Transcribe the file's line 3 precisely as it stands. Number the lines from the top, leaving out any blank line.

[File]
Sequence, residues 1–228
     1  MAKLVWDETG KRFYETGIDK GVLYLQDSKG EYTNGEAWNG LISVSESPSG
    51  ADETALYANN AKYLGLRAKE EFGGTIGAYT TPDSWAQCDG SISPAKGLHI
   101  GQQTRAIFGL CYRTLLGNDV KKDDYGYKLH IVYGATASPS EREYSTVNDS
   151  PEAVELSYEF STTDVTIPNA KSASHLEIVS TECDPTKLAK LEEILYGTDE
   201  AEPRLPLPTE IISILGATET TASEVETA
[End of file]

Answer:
    51  ADETALYANN AKYLGLRAKE EFGGTIGAYT TPDSWAQCDG SISPAKGLHI